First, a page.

Who We Are
New Jersey Association of State Colleges and Universities - the leading voice for public higher education in New Jersey.
Acting as an advocate in the state capital and throughout the state, the New Jersey Association of State Colleges and Universities (NJASCU) supports the missions and well-being of senior public institutions of higher education. In cooperation with trustees, students, faculty and campus administrators, NJASCU plays an active role in developing and proposing state higher education policy to better serve New Jersey's citizens. Its members are the eight senior public institutions of higher education: The College of New Jersey, Kean University, Montclair State University, New Jersey City University, Ramapo College of New Jersey, Stockton University, Thomas Edison State University, and William Paterson University.
Rowan University, which recently assumed the status of a research institution, now is an affiliate member.
Specifically, NJASCU does the following:
- Analyzes and monitors public policy issues and legislation affecting its member institutions. Issues include: college access and affordability; higher education finance trends and comparisons; trustee governance, student welfare, ethical standards; unprecedented enrollment demand and the need to increase capacity; addressing the needs of evolving student populations;
- Collaborates with public institutions on communicating and promoting the distinctive excellence and advantages of New Jersey's senior public institutions of higher education; and
- Creates educational and public service opportunities for those interested in the success and sustainability of New Jersey's public institutions of higher education.
The Association played a key role in achieving landmark legislation in 1986 and 1994, which transferred important fiscal and administrative authority to the campuses from state government, emphasizing trustee governance and direct public accountability. The state colleges and universities in New Jersey are among the nation's most autonomous public institutions.
Testimony before Assembly Budget Committee Hearing
On behalf of The New Jersey Presidents' Council, which represents our state's fifty-seven public and private, two and four-year colleges and universities, Dr. Harvey Kesselman, chair of the NJ Presidents' Council, testified before the Assembly Budget Committee Hearing on Wednesday, May 1st.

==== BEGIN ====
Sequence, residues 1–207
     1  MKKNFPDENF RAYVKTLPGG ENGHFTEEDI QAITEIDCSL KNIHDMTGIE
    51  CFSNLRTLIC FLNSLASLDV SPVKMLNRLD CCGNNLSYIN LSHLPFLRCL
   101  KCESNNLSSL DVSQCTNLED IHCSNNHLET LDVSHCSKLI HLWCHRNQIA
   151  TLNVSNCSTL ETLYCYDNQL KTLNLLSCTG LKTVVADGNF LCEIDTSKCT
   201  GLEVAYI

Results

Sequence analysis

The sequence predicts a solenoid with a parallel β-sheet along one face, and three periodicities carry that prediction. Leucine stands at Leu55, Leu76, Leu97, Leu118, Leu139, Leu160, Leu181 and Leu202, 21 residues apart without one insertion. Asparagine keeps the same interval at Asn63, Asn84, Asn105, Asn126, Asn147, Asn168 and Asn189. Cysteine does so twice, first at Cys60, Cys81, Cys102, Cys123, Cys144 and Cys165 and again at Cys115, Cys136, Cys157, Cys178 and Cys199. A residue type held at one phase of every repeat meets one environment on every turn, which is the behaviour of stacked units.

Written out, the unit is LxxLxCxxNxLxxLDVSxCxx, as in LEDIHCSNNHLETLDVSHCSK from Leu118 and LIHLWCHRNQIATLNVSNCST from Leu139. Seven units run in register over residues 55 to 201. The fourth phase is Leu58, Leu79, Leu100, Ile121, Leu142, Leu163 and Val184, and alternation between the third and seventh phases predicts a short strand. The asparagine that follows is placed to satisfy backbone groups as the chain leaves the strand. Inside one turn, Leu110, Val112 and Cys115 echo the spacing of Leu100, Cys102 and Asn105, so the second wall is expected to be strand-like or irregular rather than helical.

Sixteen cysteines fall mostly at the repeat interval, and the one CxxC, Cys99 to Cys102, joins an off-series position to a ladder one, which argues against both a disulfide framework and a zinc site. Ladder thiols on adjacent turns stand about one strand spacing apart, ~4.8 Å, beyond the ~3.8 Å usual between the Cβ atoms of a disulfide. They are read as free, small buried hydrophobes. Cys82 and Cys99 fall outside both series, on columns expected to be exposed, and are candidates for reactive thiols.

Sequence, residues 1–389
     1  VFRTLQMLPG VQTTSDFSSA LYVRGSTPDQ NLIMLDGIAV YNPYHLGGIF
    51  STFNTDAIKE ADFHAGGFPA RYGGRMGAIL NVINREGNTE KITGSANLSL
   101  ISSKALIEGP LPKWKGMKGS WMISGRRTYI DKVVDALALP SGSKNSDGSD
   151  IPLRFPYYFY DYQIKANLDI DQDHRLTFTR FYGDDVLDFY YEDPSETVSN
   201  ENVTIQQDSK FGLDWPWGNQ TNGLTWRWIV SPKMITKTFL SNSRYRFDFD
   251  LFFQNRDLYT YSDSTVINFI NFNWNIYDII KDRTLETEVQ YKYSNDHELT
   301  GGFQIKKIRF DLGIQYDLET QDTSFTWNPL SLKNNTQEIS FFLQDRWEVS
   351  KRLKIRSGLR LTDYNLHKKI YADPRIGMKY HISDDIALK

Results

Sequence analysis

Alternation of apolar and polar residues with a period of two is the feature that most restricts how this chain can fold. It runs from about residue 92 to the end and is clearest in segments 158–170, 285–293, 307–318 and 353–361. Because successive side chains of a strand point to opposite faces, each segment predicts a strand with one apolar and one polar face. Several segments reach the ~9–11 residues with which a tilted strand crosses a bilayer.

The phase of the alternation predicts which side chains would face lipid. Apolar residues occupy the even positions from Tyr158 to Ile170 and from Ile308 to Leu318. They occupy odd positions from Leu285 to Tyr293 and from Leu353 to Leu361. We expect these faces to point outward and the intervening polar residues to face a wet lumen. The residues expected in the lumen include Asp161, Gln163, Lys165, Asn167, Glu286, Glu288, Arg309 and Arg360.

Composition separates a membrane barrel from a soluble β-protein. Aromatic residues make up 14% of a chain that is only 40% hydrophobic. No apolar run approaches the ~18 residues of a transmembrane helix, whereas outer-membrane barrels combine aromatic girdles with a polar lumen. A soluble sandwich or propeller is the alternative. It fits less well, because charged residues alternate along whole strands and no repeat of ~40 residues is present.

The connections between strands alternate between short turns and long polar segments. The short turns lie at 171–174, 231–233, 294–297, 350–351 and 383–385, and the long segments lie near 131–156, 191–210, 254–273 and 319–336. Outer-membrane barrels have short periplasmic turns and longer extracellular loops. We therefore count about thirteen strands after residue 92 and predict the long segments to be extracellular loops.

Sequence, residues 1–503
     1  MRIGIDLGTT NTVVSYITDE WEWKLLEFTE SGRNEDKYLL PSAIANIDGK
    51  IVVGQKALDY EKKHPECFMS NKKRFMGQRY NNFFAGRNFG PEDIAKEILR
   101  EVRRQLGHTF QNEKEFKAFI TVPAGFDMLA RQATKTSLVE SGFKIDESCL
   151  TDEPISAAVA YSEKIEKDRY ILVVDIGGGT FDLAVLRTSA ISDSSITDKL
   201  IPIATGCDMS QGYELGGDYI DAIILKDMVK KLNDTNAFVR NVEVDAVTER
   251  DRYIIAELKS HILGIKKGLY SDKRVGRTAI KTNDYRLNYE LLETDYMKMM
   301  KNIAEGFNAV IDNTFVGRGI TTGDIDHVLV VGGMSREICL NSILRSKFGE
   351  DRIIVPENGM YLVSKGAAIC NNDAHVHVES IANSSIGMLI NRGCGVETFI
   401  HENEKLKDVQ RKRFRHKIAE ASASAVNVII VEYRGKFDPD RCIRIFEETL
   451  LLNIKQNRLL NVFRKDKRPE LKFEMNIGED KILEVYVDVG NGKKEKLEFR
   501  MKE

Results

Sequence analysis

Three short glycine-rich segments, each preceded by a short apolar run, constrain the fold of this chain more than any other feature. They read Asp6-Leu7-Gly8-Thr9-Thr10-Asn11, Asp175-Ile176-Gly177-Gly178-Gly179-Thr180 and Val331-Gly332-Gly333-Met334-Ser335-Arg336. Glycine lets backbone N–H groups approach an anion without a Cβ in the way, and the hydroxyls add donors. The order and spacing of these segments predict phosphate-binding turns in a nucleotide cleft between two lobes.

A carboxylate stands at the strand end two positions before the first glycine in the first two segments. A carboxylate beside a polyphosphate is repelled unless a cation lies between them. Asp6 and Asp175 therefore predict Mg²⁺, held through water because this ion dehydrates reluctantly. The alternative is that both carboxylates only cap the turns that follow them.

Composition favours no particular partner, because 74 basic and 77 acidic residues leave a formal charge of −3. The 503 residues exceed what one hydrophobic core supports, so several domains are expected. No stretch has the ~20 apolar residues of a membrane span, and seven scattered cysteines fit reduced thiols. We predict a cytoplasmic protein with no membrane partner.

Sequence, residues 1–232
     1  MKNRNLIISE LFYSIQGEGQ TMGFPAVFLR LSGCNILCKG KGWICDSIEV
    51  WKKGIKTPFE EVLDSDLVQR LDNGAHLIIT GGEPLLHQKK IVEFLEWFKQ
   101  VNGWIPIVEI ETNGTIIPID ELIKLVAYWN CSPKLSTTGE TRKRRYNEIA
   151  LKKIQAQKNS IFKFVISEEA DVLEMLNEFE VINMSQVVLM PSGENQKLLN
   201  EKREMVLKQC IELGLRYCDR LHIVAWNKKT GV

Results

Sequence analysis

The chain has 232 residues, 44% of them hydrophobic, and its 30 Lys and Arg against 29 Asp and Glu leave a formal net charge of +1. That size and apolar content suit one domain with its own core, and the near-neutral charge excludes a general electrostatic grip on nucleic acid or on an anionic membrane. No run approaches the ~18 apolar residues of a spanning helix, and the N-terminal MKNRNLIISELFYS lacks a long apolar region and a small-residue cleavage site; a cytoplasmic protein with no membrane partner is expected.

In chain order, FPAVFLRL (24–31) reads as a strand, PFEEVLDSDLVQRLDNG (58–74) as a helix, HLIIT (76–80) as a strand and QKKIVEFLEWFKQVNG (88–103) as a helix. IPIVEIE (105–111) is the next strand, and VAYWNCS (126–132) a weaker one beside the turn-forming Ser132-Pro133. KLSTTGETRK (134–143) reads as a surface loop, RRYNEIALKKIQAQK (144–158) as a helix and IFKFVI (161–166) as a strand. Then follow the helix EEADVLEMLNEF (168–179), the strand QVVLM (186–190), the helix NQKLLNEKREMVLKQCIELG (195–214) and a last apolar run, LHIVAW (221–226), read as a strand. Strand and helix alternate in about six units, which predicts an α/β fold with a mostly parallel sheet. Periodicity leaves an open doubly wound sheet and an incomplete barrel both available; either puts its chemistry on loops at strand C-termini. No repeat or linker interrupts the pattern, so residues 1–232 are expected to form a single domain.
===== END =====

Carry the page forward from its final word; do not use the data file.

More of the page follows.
Dr. Kesselman first applauded Secretary of Higher Education, Dr. Zakiya Smith-Ellis and her staff, on the creation of an urgently needed strategic plan for higher education.
He also commended the Governor and legislature for re-establishing the New Jersey Commission on Science, Innovation and Technology, and for the focus on furthering an innovation economy.
These are two extremely important initiatives given that our national economy has experienced significant job growth and is increasingly dependent upon highly credentialed individuals.
Read full alert.
Profiles of NJASCU alumni whose work is making a difference in the lives of others. The website will feature a new profile each month. Please submit suggestions for profiles to Pam Hersh or call (609) 256-8256.
David Fried: Mayor of Robbinsville, NJ; Rowan University/Glassboro State College, Class of 1989
Robbinsville, New Jersey Mayor David Fried and the internationally renowned NJ research institution Rowan University share some common experiences that define their respective successes over the past several years. They both are associated with a name change and major economic growth that includes the creation of a vibrant town center. Furthermore, they are linked to one another not by marriage – but by a bachelor’s degree. Mayor Fried is a 1989 political science graduate of Rowan University.
When Dave Fried went to Rowan, it was known as Glassboro State College. And when Dave was at Glassboro, Robbinsville was Washington Township. Neither Robbinsville nor Glassboro at the time had a thriving town center. And neither entity had yet acquired the reputation of being an economic engine of growth. Over the past 25 years, Rowan has transitioned from a well-regarded local comprehensive college that once focused primarily on teacher education to a world-renowned research university. During this same timeframe, Mayor Fried has gone from being a recent college grad with a startup business to a renowned New Jersey local government leader, as well as a business leader in the area of human resource management.
“I loved my years at Glassboro State College. It was a great college experience while giving me the basic skills – acquired through my classes as well as in extracurricular activities – to succeed in life,” said Mayor Fried, a native New Jerseyan who grew up in Hightstown, NJ.
Multiple press accounts about Dave Fried have used the word “successful” when describing both his political and professional achievements. The “successful” mayor of Robbinsville, NJ, Dave Fried is in his fourth term as mayor after first being selected to fill an unexpired term in 2000 under the prior township committee form of government.
As a committeeman, Mr. Fried was successful in helping to achieve the change to be the nonpartisan, strong mayor form of government that voters approved overwhelmingly in 2004. He became the first Robbinsville mayor directed elected by the voters, was sworn in on July 1, 2005, and then reelected and reelected and reelected (most recently, in 2017). Read more.